"People hesitate to profess the goal of happiness because they feel it diminishes other things they’ve been taught to value. My contention is that happiness vividly accompanies and complements those other values. In fact, I’m quite sure that most pursuits, even the seemingly most arduous ones, are enhanced by the person’s parallel quest for happiness."
Under a cerulean sky and brilliant sun, Roxbury Latin began its 373rd school year. Before classes began, Headmaster Kerry Brennan addressed the School in Hall—a student body of exactly 300 including the 45 boys that comprise the new sixth class along with 16 boys added to Classes V, IV, and III—on the subject of happiness, "an especially noteworthy noun."
Before the Headmaster's address, Mike Pojman read an essay on happiness by Michael Crichton, which aims to invalidate the mythology that surrounds the notion of happiness. To wit, "The more attention you lavish on yourself, the more unhappy you become. If you want to be happy, forget yourself. Forget all of it — how you look, how you feel, how your career is going. Just drop the whole subject of you."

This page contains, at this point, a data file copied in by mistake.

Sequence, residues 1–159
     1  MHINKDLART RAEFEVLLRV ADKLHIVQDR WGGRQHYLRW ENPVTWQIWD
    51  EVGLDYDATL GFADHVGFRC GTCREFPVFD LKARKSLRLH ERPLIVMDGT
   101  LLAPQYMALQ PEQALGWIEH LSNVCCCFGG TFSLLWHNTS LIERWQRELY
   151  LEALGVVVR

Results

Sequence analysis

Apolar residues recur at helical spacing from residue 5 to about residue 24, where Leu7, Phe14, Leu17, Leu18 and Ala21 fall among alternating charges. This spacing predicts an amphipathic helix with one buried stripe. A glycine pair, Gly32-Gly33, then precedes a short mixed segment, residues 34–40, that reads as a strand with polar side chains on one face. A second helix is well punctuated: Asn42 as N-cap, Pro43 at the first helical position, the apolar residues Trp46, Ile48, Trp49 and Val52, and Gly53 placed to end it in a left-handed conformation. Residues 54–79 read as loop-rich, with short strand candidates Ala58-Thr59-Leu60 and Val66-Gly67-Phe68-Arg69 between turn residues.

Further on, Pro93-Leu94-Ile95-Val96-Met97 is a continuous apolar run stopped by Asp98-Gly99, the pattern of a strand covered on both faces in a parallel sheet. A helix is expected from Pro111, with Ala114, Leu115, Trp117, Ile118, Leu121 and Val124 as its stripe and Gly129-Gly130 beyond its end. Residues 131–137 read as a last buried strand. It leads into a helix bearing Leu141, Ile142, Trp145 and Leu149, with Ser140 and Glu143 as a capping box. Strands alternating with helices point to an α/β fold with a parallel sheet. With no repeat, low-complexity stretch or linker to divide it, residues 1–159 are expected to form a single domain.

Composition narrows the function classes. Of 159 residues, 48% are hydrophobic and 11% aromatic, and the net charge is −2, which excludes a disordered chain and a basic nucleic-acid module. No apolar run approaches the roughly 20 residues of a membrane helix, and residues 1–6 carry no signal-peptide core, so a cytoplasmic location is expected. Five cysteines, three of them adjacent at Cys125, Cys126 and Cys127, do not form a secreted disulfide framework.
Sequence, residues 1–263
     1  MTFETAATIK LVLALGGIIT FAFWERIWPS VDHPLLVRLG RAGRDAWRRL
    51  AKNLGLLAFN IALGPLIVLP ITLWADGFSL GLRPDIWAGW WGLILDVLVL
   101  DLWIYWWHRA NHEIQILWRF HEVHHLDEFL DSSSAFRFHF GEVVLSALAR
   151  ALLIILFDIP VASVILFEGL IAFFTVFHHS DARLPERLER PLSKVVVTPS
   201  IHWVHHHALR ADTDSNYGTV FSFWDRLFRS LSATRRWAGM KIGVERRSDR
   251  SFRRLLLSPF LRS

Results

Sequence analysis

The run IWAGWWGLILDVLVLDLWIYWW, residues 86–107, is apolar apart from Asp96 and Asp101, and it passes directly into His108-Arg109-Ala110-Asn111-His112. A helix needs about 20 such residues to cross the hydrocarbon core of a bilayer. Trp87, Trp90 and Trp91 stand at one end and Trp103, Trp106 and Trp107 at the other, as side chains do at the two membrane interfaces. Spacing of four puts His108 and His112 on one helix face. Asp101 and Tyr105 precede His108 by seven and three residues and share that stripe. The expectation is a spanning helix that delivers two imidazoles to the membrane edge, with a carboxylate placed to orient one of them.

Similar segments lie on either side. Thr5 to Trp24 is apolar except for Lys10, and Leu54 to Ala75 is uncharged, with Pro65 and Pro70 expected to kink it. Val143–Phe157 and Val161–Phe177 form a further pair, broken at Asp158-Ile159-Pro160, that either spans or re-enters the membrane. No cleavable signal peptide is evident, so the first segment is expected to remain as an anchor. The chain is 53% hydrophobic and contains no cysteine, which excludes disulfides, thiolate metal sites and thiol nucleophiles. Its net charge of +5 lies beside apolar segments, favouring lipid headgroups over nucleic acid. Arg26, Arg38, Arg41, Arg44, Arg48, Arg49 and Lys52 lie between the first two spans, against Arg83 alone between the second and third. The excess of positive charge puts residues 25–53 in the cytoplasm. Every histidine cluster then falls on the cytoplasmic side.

In his talk, Mr. Brennan offered his own response to Crichton by both attesting to the validity of happiness as a goal to pursue and identifying the human endeavors that really can bring happiness, including many things that form the warp and woof of school life. He concluded:
"You will practice each day, I hope, as you seek to bring the balance into your lives that will in part be represented by your being happy, but it will start with an attitude, as most important things do. You will will yourselves to make this a priority, to feel it, to know it, to learn how to find it, and to provide it for others. In our school, in this garden of possibility, while other values and aspirations may compete for your attention, let happiness be your constant companion…."
The opening day ceremonial concluded with the all-school handshake of tradition around the courtyard.
Read the Headmaster's address in full here. View photos from the day here.